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Legal concepts such as a national, official, or global language indicate a certain type of linguistic power relationship, one that defines linguistic dominance and inevitably creates minority languages and, thereby, linguistic minorities. This situation may contribute to language shift, language erosion, and, eventually, language death. Although the law can protect linguistic minorities, such attempts are a comparatively new phenomenon. National or international law does not protect most minority languages. Legal protection may take the form of group rights or individual rights. In the presence of cultural change and hybridization, it is, however, not at all clear whether law should attempt to preserve “endangered languages,” and, if so, at what cost.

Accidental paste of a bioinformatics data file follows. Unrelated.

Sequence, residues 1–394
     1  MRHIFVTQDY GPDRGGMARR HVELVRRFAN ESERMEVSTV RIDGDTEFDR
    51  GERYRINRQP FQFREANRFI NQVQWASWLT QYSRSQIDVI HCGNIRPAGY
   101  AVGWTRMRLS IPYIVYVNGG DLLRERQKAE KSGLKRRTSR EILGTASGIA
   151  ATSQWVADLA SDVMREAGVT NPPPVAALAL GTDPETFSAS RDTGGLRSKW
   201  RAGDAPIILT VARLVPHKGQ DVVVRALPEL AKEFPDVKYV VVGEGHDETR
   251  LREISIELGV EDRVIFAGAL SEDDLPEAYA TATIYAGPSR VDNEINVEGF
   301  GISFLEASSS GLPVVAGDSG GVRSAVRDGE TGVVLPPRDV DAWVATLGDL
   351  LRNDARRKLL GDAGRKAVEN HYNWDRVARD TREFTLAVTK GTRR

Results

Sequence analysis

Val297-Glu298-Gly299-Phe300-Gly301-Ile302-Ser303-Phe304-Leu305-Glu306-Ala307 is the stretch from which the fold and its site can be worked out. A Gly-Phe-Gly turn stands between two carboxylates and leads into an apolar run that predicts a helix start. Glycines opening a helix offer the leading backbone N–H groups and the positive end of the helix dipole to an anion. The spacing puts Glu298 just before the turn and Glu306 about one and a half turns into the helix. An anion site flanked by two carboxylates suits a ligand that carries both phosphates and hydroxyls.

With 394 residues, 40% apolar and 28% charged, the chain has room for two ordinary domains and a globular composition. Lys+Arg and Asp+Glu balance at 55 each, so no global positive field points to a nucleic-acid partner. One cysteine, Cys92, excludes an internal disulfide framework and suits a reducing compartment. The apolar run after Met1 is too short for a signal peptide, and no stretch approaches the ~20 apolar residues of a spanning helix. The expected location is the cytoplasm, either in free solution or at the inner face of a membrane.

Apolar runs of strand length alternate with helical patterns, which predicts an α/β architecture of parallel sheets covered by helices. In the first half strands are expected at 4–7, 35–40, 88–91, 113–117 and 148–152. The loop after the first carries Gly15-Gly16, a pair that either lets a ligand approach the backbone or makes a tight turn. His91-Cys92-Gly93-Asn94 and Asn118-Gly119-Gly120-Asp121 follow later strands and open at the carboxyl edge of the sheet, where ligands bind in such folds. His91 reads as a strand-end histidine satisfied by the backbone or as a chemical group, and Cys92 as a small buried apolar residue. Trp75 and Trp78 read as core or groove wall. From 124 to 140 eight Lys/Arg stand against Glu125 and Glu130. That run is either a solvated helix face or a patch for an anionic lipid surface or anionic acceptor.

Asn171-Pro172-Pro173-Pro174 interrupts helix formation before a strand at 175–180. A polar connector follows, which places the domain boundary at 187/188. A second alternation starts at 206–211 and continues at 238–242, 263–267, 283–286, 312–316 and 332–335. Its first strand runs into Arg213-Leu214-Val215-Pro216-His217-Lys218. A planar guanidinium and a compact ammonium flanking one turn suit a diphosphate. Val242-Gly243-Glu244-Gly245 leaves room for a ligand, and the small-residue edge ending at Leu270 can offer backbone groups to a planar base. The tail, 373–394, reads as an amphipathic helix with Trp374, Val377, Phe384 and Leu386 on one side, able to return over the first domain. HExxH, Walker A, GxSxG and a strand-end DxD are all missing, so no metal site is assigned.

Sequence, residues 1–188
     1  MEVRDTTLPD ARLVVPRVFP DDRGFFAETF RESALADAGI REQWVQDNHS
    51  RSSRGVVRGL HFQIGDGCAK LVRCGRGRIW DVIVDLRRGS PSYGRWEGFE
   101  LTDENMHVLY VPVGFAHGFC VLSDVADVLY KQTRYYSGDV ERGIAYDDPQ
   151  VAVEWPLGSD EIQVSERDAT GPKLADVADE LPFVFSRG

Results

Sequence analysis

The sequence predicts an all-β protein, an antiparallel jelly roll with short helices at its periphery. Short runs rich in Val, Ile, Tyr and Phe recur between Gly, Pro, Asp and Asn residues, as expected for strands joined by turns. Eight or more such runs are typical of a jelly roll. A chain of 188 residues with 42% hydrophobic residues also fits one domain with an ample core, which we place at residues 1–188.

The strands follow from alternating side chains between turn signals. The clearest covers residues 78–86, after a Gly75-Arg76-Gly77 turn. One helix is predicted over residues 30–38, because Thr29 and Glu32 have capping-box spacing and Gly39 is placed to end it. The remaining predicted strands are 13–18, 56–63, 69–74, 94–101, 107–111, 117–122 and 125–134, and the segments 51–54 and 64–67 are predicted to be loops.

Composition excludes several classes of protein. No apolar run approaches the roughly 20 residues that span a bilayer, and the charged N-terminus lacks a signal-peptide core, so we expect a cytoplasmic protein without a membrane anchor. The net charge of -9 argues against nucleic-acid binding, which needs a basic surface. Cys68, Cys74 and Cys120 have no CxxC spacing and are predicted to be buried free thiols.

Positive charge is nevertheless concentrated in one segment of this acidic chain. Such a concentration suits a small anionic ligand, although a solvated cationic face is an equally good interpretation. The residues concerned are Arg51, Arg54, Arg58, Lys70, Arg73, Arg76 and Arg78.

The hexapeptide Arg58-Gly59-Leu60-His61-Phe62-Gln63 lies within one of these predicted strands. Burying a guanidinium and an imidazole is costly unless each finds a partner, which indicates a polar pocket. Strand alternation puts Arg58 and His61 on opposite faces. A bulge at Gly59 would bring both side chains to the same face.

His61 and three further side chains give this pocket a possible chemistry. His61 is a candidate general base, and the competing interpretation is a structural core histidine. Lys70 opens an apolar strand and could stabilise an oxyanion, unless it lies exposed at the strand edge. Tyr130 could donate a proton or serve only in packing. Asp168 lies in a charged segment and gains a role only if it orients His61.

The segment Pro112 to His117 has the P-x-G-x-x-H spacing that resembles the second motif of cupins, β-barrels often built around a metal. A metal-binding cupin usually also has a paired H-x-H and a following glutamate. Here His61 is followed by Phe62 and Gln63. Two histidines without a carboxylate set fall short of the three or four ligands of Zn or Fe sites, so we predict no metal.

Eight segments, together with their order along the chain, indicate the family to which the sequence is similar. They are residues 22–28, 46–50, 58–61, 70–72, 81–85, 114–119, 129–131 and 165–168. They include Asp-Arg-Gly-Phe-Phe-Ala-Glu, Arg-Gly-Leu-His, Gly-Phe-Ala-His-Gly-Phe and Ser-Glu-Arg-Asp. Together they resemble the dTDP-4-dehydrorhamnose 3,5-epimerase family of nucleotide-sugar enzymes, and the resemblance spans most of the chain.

Definition of Terms

Tautologically speaking, minority languages are languages used by language minorities. Nevertheless, it is ...

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